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Thursday, April 28, 2011


Internet access has become indispensable for practically every Canadian, regardless of age. Most of us have gotten used to playing a flat fee every month for that access; we download what we want, pay our bill, and forget about it.

In Alberta, both Shaw and Telus actually have caps on your broadband usage; technically, if you go over the monthly limit, they can charge you extra. So far, they haven't been exercising this power. But if the big internet service providers get their way, that could all change right after the election.

Despite their massive profits, the big ISPs want to implement usage-based billing, or UBB. The idea is that the more you download, the more you pay, which sounds fair on the surface but is really just a way of gouging customers for more money. Do you like receiving photos or videos of your grandchildren via email or on YouTube? Have you signed up for NetFlix? Do you send and receive large files for your business? Do you enjoy reading (or creating!) blogs with lots of photos and videos? Prepare to pay more - lots more - every month.

However, there is a way to stop this from happening: vote ABC. That is, Anyone But Conservative. Most of the major federal parties have Internet-friendly policies that would, to greater and lesser degrees, prevent ISPs from moving to UBB. Only the Conservatives have refused to take a position on this critical issue. Frankly, that makes me suspicious of their motives.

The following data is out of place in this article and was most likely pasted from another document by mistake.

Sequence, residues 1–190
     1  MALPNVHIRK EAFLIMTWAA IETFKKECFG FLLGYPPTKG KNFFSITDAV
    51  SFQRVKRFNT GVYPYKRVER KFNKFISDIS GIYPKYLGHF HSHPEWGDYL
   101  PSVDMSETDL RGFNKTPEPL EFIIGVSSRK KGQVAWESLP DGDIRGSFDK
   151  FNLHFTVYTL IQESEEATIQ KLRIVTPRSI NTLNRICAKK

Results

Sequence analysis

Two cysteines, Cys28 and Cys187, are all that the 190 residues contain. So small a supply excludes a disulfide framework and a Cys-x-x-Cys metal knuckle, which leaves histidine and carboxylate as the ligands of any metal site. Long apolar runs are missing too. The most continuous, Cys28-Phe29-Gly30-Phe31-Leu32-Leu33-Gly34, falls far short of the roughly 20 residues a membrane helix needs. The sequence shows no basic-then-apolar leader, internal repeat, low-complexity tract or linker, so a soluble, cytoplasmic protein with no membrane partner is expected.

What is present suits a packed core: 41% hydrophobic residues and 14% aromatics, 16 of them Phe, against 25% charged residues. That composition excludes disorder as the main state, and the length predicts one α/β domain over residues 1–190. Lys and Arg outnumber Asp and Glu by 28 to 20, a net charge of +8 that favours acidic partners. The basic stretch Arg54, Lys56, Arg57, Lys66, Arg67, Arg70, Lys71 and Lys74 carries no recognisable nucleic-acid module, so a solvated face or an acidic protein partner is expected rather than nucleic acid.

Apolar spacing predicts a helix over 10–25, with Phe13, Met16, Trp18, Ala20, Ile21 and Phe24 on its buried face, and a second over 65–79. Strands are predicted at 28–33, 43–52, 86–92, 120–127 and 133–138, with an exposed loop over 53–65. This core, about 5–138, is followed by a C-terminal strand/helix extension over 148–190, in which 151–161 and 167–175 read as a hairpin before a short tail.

To be fair, when the big ISPs tried to push UBB on Canadians a couple of months ago, the Conservatives forced the CRTC to reconsider its decision to allow usage-based billing. But that's just good politics on the cusp of an election. By refusing to state their position on the future of UBB, the Tories are (or should be) leading Canadians to wonder what will happen after the election - when it will be too late to punish a government that allows UBB.

The Internet has become a critical medium for commerce, culture, diplomacy, science, history - it touches practically every life in the developed world. Canada's government should be pushing for cheaper, faster access. Instead, we're lagging well behind other developed nations in speed, price and ISP transparency.If we want to remain competitive, if we want everyone to have equal access to the Internet regardless of income, then we need to take this mantra to heart:

ABC or UBB. The Liberal and NDP positions (scroll down) on the Internet's future are particularly strong.


Anonymous said...

Very well written.

This maybe the first and last time I visit your blog if UBB is implemented.

I will be either canceling my internet service (along with my cable TV) or limiting it's usage.

Earl J. Woods said...

Thanks Anonymous. Hopefully it won't come to that.